Ark Therapeutics Group has announced "a strategic restructuring" and refocusing of its  R&D resources.

It is concentrating  on its VEGF-D programmes already in early clinical trials in refractory angina and peripheral vascular disease (developed with the AI Virtanen Institute in Finland) and neuropilin-1 and foetal growth restriction pre-clinical studies (in collaboration with University College London). Ark says both of these programmes have "already attracted interest from potential collaborative partners" and it expects to sign a deal for at least one of these projects in 2011.

The company is also looking for a partner or licensee for Trinam, a VEGF-D gene-based medicine to prevent haemodialysis access surgery complications. The firm has decided that "the cost of development, the internal resource requirement and the clinical risk/reward no longer appropriate for a company of Ark’s size".  In addition, it will continue efforts to out-license the brain cancer drug Cerepro, the gene-based therapy rejected by European regulators earlier this year.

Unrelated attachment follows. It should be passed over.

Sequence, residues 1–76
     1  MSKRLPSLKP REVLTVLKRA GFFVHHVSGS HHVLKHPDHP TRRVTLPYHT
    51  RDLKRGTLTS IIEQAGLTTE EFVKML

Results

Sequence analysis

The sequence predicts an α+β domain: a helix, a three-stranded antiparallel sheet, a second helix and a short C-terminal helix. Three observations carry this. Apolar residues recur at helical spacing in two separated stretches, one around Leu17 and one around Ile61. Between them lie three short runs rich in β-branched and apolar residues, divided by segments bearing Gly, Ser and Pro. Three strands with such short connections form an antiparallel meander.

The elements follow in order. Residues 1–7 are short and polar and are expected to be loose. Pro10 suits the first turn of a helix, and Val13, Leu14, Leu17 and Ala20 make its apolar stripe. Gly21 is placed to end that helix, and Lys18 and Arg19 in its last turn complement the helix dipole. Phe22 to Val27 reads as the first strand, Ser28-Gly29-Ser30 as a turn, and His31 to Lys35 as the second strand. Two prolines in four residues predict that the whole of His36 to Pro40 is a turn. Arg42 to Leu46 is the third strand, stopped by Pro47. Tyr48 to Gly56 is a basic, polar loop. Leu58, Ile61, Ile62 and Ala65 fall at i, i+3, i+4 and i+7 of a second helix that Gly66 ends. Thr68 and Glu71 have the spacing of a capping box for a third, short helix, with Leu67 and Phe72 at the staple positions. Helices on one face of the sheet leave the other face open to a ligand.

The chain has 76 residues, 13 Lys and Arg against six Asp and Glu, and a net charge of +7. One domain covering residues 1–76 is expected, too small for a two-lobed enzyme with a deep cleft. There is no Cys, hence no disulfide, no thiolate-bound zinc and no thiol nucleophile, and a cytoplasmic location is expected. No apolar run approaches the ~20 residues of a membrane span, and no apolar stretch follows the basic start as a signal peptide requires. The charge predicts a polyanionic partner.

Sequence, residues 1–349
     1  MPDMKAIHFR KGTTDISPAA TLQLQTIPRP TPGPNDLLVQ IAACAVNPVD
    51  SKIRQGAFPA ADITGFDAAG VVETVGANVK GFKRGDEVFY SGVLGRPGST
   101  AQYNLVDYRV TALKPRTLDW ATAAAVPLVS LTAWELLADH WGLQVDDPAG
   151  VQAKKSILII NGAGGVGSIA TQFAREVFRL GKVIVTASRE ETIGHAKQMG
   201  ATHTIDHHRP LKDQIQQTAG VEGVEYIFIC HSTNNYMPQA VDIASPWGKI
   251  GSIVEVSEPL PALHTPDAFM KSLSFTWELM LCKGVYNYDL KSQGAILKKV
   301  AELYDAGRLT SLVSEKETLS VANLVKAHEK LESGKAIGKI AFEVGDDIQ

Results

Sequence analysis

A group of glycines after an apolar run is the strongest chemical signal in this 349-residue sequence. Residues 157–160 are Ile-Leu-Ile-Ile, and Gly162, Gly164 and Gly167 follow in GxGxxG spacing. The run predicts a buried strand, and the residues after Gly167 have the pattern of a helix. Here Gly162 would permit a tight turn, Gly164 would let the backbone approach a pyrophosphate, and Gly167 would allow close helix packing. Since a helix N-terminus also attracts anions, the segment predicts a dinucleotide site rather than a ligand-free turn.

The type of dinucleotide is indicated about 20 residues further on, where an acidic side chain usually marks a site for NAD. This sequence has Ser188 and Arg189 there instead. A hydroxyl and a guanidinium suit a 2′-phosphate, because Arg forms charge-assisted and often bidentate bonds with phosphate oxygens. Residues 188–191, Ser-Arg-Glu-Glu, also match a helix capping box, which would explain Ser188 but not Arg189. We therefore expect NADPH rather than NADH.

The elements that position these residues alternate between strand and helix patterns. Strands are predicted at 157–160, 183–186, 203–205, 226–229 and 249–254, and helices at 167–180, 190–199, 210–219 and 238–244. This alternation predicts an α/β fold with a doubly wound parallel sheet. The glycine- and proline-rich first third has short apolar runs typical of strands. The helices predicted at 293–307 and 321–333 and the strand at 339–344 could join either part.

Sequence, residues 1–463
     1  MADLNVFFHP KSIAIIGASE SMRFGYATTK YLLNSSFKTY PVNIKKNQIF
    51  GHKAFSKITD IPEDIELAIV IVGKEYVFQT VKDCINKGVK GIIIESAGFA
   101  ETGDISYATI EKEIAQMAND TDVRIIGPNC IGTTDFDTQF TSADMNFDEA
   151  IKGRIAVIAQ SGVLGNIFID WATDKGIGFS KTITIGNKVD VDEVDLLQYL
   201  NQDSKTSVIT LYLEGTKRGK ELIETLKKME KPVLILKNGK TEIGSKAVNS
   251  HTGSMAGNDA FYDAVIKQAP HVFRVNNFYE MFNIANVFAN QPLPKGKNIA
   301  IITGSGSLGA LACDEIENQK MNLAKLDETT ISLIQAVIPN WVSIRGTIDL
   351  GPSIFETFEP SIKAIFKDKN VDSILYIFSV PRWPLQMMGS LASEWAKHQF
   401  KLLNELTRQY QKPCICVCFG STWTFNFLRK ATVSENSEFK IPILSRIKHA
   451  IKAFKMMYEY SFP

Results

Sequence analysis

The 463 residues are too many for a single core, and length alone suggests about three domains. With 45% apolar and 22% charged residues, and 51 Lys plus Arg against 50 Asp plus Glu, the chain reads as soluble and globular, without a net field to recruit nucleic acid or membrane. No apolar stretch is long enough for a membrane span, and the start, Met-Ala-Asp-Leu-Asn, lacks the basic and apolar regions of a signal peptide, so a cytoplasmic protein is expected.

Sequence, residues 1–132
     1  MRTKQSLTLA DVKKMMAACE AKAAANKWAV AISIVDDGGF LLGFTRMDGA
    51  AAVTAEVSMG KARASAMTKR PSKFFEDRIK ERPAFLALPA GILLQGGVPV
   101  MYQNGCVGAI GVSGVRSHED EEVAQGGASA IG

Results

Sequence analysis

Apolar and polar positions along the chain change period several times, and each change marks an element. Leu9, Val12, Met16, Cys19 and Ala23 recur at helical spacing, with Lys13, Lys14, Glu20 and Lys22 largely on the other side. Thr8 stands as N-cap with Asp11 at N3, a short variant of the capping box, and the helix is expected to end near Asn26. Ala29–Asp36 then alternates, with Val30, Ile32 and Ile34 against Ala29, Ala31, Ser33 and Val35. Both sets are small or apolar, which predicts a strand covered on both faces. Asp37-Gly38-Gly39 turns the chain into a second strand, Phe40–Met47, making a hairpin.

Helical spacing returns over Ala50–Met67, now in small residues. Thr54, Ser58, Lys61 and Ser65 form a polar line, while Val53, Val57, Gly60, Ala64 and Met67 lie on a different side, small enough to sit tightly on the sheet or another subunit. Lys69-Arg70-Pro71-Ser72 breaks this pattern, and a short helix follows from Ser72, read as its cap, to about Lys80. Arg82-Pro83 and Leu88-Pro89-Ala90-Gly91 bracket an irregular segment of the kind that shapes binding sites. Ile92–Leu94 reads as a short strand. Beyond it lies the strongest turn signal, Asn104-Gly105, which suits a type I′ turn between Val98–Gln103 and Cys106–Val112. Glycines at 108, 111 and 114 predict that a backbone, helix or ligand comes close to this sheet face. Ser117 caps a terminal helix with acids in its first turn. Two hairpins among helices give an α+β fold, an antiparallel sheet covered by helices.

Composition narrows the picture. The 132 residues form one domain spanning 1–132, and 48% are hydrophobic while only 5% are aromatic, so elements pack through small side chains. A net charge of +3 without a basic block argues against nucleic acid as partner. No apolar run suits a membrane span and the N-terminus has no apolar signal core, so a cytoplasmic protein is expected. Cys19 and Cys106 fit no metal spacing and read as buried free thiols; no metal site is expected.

As a result of the initiatives, Ark said it will further reduce its overall headcount "thereby significantly reducing the fixed cost base of the business and approximately halving the group’s ongoing net monthly cash burn". Taking into account the one-off costs of restructuring and "income-generating initiatives already underway, including the sale of the company’s woundcare business", Ark should have sufficient funds to take it into 2013, "by which time some significant value inflection points will have been established".

The company added that Andrew Christie has decided to step down as chairman and Iain Ross will take on the role of executive chairman.  Chief executive Martyn Williams said the restructuring will "significantly reduce the risk profile of the business" and create "a leaner, more focused operation".

The announcement has gone down well with investors and Ark shares were up 30% to nearly six pence at 11.35 this morning.